Grammar Handout 1 ADJECTIVES and ADVERBS (III) (Intensifiers)

Grammar Handout 1
ADJECTIVES and ADVERBS (III)
(Intensifiers)
(Note to the Instructor: Please do this handout after you finish LL-Int Unit 5.3).
TASK 1. Read the following text and fill in the blanks with the correct forms of the words given in
parentheses. Do not forget to make the necessary changes. Add words where necessary.
THE TITANIC
The Titanic was an Olympic-class passenger liner which is owned by British
shipping company White Star Line. The Titanic looked like her older sister
Olympic; however, she was much (1) more impressive than (impressive) the
Olympic. At the time of her construction, she was (2) the largest (large)
passenger ship in the world. She was also (3) the most technologically
(technological) advanced ship that had ever been built. This was the reason why
many people thought it would never sink.
The Titanic was a lot (4) more sophisticated than (sophisticated) all the other ships of her time. In fact,
she was really (5) luxurious (luxurious). She offered an on-board swimming pool, a gymnasium, a squash
court, a Turkish bath, verandah cafés, libraries and elevators. All the first-class rooms were decorated
(6)beautifully (beautiful) with wood paneling and expensive furniture. Some first-class passengers paid up
to $4,350 for a one-way ticket to New York.
On the morning of the day that the Titanic sank, the steamers the Amerika and the Mesaba sent the Titanic
messages and warned her that large icebergs lay in the Titanic’s path. However, the two wireless radio
operators who were on duty that day did not take these warnings (7) seriously (serious) and these messages
failed to reach the bridge. These two operators were not aware of the approaching danger. Apparently, the
Titanic was traveling (8) dangerously (dangerous) close to an iceberg field. She was also going too (9) fast
(fast) to stop or avoid hitting the iceberg. Then came the disaster.
Shortly before midnight on 14 April 1912, the Titanic hit a (10) huge (huge) iceberg and sank two hours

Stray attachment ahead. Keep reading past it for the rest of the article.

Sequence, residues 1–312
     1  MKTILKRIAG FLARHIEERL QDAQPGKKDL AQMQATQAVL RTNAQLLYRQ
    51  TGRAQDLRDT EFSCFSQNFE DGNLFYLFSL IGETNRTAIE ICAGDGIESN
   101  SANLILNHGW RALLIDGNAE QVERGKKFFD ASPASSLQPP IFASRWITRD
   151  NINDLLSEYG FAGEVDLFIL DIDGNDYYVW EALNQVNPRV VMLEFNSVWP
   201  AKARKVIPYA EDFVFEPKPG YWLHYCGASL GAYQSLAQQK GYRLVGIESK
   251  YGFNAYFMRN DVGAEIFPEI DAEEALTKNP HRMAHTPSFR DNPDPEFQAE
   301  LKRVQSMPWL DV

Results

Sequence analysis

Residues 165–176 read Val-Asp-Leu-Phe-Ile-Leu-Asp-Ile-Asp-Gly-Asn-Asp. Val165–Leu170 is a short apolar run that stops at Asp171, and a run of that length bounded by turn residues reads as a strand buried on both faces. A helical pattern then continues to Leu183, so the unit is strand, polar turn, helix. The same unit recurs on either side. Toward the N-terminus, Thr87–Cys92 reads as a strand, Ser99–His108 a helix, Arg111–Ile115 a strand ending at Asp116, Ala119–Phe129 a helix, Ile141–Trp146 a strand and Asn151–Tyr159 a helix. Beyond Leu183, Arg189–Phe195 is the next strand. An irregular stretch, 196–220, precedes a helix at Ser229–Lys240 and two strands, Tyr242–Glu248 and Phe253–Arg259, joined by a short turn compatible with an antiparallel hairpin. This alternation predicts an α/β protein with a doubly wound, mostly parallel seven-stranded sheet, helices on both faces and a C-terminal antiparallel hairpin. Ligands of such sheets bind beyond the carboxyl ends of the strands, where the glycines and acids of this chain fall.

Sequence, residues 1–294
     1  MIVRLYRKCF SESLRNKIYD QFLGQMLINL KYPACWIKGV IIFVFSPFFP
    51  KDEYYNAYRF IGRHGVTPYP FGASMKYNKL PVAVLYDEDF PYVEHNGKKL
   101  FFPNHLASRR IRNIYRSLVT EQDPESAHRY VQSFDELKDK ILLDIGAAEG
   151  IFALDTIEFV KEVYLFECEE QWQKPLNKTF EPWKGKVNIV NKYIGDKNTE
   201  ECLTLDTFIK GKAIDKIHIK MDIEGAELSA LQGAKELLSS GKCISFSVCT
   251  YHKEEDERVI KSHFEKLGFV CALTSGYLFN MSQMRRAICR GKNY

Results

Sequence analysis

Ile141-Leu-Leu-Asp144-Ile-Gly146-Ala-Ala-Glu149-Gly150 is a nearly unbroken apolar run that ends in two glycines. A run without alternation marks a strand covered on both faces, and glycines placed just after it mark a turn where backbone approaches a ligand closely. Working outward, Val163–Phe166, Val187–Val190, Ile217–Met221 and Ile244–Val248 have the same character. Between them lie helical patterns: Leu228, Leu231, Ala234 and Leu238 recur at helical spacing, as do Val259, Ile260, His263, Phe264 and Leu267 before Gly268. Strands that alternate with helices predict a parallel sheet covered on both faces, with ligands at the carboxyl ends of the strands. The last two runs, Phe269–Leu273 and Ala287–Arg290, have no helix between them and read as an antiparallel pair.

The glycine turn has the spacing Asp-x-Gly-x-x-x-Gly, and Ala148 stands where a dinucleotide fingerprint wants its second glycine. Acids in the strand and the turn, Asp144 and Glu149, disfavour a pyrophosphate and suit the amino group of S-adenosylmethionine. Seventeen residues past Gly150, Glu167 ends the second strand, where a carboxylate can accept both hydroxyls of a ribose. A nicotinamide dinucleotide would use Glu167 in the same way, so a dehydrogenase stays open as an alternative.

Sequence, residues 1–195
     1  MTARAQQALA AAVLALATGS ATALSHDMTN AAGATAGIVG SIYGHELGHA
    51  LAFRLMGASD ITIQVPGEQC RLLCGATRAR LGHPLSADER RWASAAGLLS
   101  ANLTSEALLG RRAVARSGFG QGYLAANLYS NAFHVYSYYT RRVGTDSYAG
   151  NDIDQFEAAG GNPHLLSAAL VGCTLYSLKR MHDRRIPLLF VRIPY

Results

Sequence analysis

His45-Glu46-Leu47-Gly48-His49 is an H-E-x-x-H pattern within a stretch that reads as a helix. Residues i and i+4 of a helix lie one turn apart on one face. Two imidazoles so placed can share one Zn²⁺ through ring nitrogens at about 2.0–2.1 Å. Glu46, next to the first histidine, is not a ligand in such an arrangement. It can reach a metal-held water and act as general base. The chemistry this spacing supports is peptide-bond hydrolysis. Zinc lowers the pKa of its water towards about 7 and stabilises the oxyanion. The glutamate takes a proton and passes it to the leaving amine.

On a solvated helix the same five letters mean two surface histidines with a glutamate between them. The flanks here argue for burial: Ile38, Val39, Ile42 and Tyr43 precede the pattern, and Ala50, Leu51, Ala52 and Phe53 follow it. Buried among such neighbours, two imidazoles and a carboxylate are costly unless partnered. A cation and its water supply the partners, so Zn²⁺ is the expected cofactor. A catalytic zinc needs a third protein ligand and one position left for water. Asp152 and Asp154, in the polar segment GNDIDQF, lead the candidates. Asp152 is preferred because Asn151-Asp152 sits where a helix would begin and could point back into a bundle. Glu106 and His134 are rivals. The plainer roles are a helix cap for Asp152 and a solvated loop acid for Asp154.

and forty minutes later. This was one of (11) the most deadly/the deadliest (deadly) sea disasters of all
time. The dramatic death toll was due to the fact that the ship did not carry enough lifeboats for everyone
aboard. It carried 20 lifeboats with a total capacity of 1,178 people. However, there were (12) more (many)
people on board (2,240 people). Another problem was that the lifeboats were not ready to be lowered into
the water right away. This was (13) worse than (bad) the fact that there weren’t enough lifeboats. During
the panic that occurred while the lifeboats were being lowered, some of them turned over before they
reached the water and then floated away from the ship. (14)Eventually (eventual), a total of 1,517 people
died that night. The number of men who died was (15) higher than (high) the number of women and
children because ‘the women-and-children-first’ protocol was followed. When it became (16) obvious
(obvious) that the Titanic was going to sink, the captain could (17) hardly (hard) do anything to save the
passengers or the ship.
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COMPARISON WITH (NOT) AS ... AS
In addition to the comparative forms of adjectives and adverbs, it is also possible to make a comparison with
(not) as … as to talk about similarities and differences. In LL-Int Unit 5, you studied the use of (not) as … as
with adjectives. The structure can also be used in the following ways:
AS + adj/adv + AS
NOT AS /SO + adj/adv + AS
(not) AS + many + count. noun + AS
(not) AS + much + uncount.noun + AS
We use as + adj/adv + as
to show similarity.
We use not as/so +
adj/adv + as to show
difference.
We use as + many/ much
+ noun + as to talk about
quantities.
* The Titanic was as big as her older sister
Olympic.
* The Titanic was decorated as beautifully as
the Olympic.
* The Olympic wasn’t as impressive as the
Titanic.
* The radio operators on the Titanic didn’t
take the warnings as seriously as the
ones in the Amerika and the Mesaba.
* There weren’t as many lifeboats as
people needed.
* The construction of the Titanic took as
much time as the construction of the
Olympic.
TASK 2. Complete the sentences using the clues given in parentheses without changing the meaning.
1. Crisps are not as nutritious as nuts. (less)
Crisps are less nutritious than nuts.
2. It is more expensive to live in İstanbul than Ankara. (not)
It is not as/so expensive to live in Ankara as in İstanbul.
3. Fernandez is the most skillful player in the team. (as)
No one else in the team is as skillful as Fernandez.
4. John and Mary have received the same number of job offers. (many)
Mary has received as many job offers as John.
5. The cinema was nearer than we thought. (far)
The cinema was not as far as we thought.
6. This building is older than the theatre. (so)
The theatre is not so old as this building.
7. No one plays the piano as well as Fazıl Say. (better)
Fazıl Say plays the piano better than everyone/anyone else.
8. We have got the same number of brothers. (many)
I’ve got as many brothers as you (have).
9. Airships aren’t as dangerous as they used to be. (than)
Airships are safer than they used to be.
10. Today I feel happier than ever. (as)
I have never felt as happy as (I do) today.